Could anyone then dare to abuse Mahatma Gandhi, the Father of the Nation, and glorify Nathuram Godse for assassinating him? Certainly not.

All this was simply unthinkable in the Nehruvian era. That era was not perfect. Yet, it was a time of hope, idealism and patriotic unity primarily because of the person Nehru was. Chanakya was right: “As is the king, so are the people.”

Contrast this with the era of Modi. India is what it is today because the Prime Minister is what he is. Since 2014, he has been consciously attempting to recast India in his own ideological mould. His own unstated goal — and the stated goal of his ideological parivar — is to transform India into a Hindu Rashtra. The ideological weapon for achieving this goal is ‘Hindutva’, which entails political mobilisation of a sufficiently large Hindu vote-bank to keep the Bharatiya Janata Party in power perpetually.

This weapon can work only if democratic institutions are weakened and made subservient to the paramount leader’s egotistic ambitions. It can work only by cynically polarising Indian society on communal lines, so that Hindus are made to feel triumphant and proud, and Muslims are made to feel insecure, disempowered and submissive. This is precisely what Modi has been doing with his policies (example: CAA/NRC), speeches (example: “Those creating violence can be identified by their clothes”) and theatrics (example: his recent visit to Kashi).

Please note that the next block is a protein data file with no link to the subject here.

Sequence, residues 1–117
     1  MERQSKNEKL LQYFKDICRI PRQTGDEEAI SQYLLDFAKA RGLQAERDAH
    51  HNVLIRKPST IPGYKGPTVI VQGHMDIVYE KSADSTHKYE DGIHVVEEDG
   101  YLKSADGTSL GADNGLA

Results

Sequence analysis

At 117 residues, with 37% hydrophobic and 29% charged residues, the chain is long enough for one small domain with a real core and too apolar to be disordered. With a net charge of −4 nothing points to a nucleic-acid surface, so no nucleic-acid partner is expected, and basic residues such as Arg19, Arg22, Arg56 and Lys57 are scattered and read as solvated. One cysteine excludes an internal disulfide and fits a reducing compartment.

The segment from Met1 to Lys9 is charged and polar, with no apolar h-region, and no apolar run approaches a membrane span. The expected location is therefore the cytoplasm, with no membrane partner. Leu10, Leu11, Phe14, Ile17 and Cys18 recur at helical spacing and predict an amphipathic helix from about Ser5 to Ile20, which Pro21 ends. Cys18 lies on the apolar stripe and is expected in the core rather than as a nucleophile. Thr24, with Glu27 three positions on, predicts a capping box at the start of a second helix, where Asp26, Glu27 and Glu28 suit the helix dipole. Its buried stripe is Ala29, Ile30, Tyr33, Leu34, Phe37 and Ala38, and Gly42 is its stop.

The Hindutva weapon is used for another important purpose — to distract people’s attention, including that of his own staunch supporters, from his manifest failures of governance. From skyrocketing price rise, from mounting unemployment, from unprecedented wealth disparities, from mismanagement of the Covid pandemic, from the betrayal of his promise of ‘Sabka Saath Sabka Vikas’, and from his reluctance to tell Indians the truth about the real happenings on the border with China.


Because Modi is a masterly practitioner of the politics of polarisation, his supporters feel emboldened to recklessly say and do things that rupture the social fabric of India. Because he does not condemn hate speech and hate crimes, the more aggressive among his ‘bhakts’ feel they have their supreme leader’s ideological sanction to indulge in the same.

In all his 84 ‘Mann Ki Baat’ broadcasts so far, and in all his seven Independence Day speeches from the ramparts of Red Fort, has Modi even once rebuked communal hatemongers? No. Has his No. 2, home minister Amit Shah, done so? No.